E.S. Turner

  • The war the Infantry knew 1914-1919: A Chronicle of Service in France and Belgium by Captain J.C. Dunn, introduction by Keith Simpson
    Jane’s, 613 pp, £18.00, April 1987, ISBN 0 7106 0485 8
  • Passchendaele: The Story behind the Tragic Victory of 1917 by Philip Warner
    Sidgwick, 269 pp, £13.95, June 1987, ISBN 0 283 99364 2
  • Poor Bloody Infantry: A Subaltern on the Western Front 1916-17 by Bernard Martin
    Murray, 174 pp, £11.95, April 1987, ISBN 0 7195 4374 6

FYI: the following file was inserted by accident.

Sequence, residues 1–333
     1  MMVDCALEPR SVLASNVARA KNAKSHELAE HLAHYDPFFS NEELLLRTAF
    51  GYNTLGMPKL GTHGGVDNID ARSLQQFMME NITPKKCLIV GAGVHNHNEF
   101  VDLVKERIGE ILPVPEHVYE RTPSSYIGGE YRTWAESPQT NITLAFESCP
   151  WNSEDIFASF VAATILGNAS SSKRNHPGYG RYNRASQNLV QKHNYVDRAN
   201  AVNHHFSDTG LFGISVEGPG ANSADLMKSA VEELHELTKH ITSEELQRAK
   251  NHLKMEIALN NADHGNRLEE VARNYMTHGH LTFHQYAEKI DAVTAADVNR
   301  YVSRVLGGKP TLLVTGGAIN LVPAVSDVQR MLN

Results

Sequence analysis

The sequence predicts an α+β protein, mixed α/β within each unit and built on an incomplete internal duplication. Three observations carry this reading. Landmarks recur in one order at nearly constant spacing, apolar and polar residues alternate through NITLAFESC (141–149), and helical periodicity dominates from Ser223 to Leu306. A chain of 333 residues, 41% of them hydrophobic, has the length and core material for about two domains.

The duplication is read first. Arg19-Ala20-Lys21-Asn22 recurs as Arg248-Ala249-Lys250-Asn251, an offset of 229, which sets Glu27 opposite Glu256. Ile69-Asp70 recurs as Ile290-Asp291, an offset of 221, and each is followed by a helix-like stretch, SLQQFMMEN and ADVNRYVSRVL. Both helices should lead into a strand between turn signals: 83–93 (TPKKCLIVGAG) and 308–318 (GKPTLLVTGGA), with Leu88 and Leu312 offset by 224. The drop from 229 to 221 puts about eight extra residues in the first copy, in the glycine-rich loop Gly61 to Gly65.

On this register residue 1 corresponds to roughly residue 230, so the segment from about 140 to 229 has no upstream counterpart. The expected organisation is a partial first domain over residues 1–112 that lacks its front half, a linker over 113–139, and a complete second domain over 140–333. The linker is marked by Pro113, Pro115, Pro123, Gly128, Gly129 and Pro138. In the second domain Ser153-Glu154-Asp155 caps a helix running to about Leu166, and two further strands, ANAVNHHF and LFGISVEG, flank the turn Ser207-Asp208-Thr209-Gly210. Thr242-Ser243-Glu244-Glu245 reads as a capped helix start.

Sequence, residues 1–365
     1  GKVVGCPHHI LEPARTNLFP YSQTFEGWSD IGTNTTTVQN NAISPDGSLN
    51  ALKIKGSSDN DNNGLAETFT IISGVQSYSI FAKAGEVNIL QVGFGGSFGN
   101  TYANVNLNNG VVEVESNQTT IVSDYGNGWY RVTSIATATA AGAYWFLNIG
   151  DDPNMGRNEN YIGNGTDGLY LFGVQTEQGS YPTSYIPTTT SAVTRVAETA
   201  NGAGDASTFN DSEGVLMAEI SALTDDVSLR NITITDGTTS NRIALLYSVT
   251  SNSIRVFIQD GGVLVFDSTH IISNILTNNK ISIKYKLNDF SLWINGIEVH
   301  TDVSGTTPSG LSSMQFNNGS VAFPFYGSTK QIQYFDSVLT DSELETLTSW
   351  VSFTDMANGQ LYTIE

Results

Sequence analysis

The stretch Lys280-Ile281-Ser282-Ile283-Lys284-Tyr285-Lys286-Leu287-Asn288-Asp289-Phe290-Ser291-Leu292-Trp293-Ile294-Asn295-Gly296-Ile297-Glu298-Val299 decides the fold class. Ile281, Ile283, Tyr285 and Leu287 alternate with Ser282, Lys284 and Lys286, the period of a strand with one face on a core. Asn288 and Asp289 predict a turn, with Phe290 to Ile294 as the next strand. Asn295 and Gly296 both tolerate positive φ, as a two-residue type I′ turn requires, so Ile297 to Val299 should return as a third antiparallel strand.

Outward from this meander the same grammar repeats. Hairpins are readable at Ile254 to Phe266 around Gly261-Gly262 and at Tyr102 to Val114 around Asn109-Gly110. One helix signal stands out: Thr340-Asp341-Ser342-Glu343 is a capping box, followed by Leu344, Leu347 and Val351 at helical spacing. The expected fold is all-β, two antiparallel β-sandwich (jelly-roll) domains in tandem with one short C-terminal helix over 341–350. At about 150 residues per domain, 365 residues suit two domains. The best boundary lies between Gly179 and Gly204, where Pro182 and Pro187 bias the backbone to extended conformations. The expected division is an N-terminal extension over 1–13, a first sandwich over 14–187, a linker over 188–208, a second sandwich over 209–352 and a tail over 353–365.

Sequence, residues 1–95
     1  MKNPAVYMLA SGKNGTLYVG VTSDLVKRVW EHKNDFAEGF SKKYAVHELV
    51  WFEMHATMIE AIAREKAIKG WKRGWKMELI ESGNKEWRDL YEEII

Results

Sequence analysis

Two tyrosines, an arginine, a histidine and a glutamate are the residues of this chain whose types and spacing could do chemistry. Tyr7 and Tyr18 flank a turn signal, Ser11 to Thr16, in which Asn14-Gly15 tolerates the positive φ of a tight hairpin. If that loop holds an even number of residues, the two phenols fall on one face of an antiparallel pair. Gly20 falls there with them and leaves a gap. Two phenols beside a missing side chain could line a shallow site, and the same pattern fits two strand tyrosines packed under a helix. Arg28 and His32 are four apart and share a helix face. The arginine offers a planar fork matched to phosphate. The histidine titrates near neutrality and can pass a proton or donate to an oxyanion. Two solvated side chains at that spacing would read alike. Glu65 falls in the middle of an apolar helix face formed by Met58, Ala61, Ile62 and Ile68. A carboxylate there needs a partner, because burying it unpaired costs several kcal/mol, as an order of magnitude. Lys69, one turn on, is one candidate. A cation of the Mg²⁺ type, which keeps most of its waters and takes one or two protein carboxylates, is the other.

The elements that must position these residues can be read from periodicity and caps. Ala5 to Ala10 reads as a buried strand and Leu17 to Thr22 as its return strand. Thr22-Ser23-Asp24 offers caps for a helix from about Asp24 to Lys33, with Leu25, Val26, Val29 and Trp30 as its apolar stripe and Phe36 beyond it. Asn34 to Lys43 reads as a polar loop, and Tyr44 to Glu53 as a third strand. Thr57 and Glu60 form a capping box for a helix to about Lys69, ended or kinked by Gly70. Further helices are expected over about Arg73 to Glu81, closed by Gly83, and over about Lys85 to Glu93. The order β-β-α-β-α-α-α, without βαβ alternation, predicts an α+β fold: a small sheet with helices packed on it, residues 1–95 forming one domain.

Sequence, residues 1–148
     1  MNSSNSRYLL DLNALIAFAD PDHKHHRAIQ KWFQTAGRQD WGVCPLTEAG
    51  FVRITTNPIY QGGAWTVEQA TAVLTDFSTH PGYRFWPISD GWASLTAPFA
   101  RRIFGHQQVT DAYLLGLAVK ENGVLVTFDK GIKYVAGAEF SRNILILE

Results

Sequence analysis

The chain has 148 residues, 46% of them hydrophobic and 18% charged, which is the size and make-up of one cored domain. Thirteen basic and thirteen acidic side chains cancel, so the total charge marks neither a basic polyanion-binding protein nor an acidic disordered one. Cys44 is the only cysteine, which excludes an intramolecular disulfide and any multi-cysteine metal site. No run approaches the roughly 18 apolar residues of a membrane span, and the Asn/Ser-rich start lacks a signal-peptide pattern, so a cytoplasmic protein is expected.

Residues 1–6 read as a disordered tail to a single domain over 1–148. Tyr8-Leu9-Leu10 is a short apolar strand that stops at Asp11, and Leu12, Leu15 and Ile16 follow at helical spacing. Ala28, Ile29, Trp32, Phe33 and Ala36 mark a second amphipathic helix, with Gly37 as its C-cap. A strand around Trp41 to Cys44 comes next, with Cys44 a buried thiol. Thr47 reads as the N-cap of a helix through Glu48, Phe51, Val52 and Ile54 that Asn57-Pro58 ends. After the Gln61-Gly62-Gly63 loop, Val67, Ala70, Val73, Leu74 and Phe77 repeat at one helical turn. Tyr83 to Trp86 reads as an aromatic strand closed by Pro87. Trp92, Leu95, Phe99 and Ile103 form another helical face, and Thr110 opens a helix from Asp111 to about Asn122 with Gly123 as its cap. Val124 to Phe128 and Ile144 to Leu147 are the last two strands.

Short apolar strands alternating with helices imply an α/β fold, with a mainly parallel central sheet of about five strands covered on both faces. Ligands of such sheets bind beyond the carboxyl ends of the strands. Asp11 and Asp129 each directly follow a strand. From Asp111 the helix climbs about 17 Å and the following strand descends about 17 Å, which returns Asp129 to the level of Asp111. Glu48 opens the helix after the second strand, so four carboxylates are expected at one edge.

Three writers on the strength is a potential embarrassment for any fighting unit. In the Great War the Second Battalion of the Royal Welch Fusiliers could muster Robert Graves (Good-bye to All That), Siegfried Sassoon (Memoirs of a Fox-Hunting Man, Memoirs of an Infantry Officer) and Frank Richards (not, as some have supposed, the creator of Billy Bunter but the author of Old soldiers never die, an excellent view of the war by a Regular in the ranks). As many will know, Good-Bye to All That, published in 1929, erupted like a burst of mustard gas; much of the book turned out not to be the plain truth but the treacherous higher truth. Among those who took exception, on personal grounds, was Sassoon, to propitiate whom the publishers carried out last-minute surgery on the book. Another who objected to its ‘hyperbole’ and inaccuracies was Captain J.C. Dunn, the veteran and outstandingly fearless medical officer (a former combatant in South Africa) who had been attached to the Battalion. As a corrective to Graves, and perhaps as some sort of answer to war poets in general, he produced a magnificent tour de force, the length of three ordinary books, called The war the Infantry knew, which was published anonymously in a limited edition late in 1938, when people were preparing for the next instalment of Armageddon. Its reissue is most welcome, as is the well-informed Introduction.

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